So what is alpha gal anyways? We have a great video about alpha gal here. The short version is some species of ticks have a molecule in their saliva, a form of alpha galactose, that can cause people to develop an allergy to the molecule after being bit. Unfortunately most mammal products have this same molecule and this causes them to also have reactions to common foods like beef, pork and dairy or even just being around dogs, cats or horses. The reactions can be mild from slight itching or a stomach ache to severe pain, massive hives or even life-threatening anaphylaxis. With SAAT we have over a 95% success rate in calming these reactions. But SAAT isn't just for alpha gal allergies - we have seen people for allergies to milk, peanuts, soy, chemicals in perfumes, food dyes, even sunlight and water. It doesn't seem to matter what the allergy is, SAAT remains very effective. 

This is not a technique all acupuncturists learn. It's a specialized technique and it's important to see someone who has been certified by Dr. Soliman as an approved provider. When asking about SAAT it's not just about the money. Talk to the provider about their experience, how they handle it if something doesn't work. We all have somewhat different approaches in how we incorporate this into our practices. Things I would ask is: What base things do they check for alpha gal? Just alpha gal, alpha gal and dairy and some mammal meats? I don't want people to have to come back for multiple trips if we "miss something" that is common with alpha gal so my alpha gal screening has increased from alpha gal, mammal meats, dairy and gluten to all of those plus MCAS, MCAS autoimmune antibodies, carrageenan, magnesium stearate, whey, milk and a broader dairy filter plus a wheat mix that includes more than gluten. Then ask about do they charge by the needle, or for the procedure? We charge by the procedure because often one needle will catch more than one substance. Ask if they re-check after the needles are out or if you just try things on your own. We try to re-check in the office whenever possible. If they do re-check - what's the policy if something that was treated isn't clear. Is it a new fee, reduced fee or no fee? A very small percentage of the time something needs to be redone in our experience. Ask about the policy if things seem fine for a while and then you start having reactions again - in our experience it's almost always something new if it's an allergy but MAST Cell can get triggered again in some people. We don't charge to re-check and see if something we treated for is causing an issue - Dr. Soliman says he's not treated the same allergy twice using this technique, and so far that's been true but I want people to know that they can come in for help if it seems like things aren't working. It's not going to be 100% in all people where you can eat mammal with abandon, but in terms of reducing reactions, improving quality of life, and making life with alpha gal less stressful I firmly believe SAAT is a worthwhile investment. When left untreated, alpha gal seems to get worse with time in many people leading to chronic low grade (or high grade) inflammatory responses that just make you not feel good. It is extremely rare when we can't significantly help people with alpha gal or other allergies.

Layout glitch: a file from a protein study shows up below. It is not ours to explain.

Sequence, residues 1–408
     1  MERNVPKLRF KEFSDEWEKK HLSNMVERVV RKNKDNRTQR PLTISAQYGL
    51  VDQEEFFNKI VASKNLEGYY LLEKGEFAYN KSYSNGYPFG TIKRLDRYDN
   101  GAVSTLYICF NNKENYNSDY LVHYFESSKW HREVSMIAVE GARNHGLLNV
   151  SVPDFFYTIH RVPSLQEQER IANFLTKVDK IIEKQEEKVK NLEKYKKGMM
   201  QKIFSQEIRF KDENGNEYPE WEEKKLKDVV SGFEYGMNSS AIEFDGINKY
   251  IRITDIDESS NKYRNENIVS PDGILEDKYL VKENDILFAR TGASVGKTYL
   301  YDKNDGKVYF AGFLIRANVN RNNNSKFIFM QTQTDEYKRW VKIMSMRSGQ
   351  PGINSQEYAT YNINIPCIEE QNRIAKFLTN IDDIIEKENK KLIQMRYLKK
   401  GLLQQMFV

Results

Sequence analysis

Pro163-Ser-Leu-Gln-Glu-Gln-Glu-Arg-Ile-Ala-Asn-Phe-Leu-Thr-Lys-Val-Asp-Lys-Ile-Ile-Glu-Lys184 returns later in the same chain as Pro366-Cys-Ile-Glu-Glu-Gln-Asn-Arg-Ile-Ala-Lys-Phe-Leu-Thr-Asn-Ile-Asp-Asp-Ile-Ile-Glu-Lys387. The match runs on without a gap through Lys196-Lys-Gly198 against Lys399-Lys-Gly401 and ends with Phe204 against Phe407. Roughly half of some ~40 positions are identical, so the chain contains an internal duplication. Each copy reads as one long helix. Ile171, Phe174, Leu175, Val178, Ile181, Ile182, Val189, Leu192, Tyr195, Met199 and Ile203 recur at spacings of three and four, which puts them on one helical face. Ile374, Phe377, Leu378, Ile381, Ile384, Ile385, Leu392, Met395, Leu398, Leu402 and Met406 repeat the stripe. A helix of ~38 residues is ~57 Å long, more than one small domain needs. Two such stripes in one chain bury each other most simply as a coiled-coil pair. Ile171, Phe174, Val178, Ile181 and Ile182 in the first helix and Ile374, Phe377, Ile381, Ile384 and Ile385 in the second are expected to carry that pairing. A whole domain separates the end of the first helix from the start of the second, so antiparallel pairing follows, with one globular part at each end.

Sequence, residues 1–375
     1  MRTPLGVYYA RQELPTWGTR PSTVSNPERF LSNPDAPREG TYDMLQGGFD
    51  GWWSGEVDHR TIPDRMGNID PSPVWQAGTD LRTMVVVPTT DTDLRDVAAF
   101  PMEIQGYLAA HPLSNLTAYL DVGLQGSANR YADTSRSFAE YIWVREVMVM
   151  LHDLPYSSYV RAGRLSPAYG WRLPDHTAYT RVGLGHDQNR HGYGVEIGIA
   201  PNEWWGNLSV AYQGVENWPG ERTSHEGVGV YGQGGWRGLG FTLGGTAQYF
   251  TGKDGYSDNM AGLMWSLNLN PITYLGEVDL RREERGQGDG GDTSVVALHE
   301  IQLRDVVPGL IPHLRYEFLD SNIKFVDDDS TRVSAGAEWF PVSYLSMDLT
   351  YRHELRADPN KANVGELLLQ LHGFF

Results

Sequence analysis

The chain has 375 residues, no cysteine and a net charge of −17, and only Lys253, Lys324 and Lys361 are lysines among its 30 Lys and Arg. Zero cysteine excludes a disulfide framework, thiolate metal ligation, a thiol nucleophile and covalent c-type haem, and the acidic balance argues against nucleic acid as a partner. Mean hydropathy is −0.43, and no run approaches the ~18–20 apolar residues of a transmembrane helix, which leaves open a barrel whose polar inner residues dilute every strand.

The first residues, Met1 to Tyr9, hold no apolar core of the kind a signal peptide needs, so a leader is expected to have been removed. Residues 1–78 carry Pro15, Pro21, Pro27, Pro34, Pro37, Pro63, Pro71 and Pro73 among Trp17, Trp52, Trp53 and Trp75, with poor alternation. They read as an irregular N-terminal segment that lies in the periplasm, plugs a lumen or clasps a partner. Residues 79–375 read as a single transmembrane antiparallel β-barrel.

Here's another great blog post about treatment for alpha gal.  We regularly have excellent results with it - and remember - it's not just for alpha gal, it can be used with any allergy!

http://freerangehome.com/new-hope-alpha-gal-allergy-sufferers/?fbclid=IwAR0qSz07N_kMWzz37vfkG4ROqjumn6v9PXwVtxVk6h-ukXxhwvmuFRzTwSo